These are essentially interesting conclusions that belong to the theorems in my dissertation. 1. Homogeneity within the segment The most obvious factor connecting gay consumers is their sexual identity. Marketing – or at least much of it – doesn’t look at that aspect of a consumer. Leaving aside the casual lure of a misplaced near-nude model to grab the prospect’s attention, a classic example is the lady in bikini, sitting on the hood of a car. The image has no relation to the product, but it does serve its purpose.
Marketing can play a role in confirming
Get attention. Homogeneity The adage goes: “Sex sells”, so just like in regular marketing, sex is also used in advertisements for the LGBT consumer. However, then I have to immediately ‘discriminate’, because that community is quite diverse. The theme Chad B2B List of ‘sex’ is also very different for many groups. So now I’m mainly talking about gay men. The seduction of (half) naked models A good example are the fashion brands (Armani, Dolce & Gabbana, Abercrombie & Fitch.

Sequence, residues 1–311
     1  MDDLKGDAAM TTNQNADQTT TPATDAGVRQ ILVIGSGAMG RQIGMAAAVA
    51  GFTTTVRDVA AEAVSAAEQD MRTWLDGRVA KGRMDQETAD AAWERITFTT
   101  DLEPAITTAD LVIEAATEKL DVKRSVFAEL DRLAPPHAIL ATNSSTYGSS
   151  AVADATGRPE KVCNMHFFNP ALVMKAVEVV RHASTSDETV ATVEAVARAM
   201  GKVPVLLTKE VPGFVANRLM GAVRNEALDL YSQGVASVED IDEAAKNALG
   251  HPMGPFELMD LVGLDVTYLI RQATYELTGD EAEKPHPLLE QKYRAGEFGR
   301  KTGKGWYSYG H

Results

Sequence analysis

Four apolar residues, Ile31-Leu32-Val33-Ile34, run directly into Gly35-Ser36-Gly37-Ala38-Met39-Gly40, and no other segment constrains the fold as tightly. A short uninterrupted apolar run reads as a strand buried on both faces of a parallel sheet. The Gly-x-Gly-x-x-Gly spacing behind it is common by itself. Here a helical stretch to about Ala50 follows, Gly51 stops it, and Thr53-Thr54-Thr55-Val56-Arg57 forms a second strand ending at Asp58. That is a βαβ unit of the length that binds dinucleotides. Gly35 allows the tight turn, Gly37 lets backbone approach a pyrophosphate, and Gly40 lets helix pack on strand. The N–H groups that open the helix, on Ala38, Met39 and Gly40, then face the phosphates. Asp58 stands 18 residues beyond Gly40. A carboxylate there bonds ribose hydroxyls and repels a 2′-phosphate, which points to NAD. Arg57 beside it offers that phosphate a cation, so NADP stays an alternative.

More than two-thirds of these
Calvin Klein) that can use hunky models functionally – after all, they have to show how good their underwear looks. But many other industries and brands have also used the temptation of (half) naked models to draw attention to their brand. The travel industry, pharma, fmcg, interior, telecom: you will find it everywhere. British marketing consultant Gray Matter released the report ‘In The Pink?’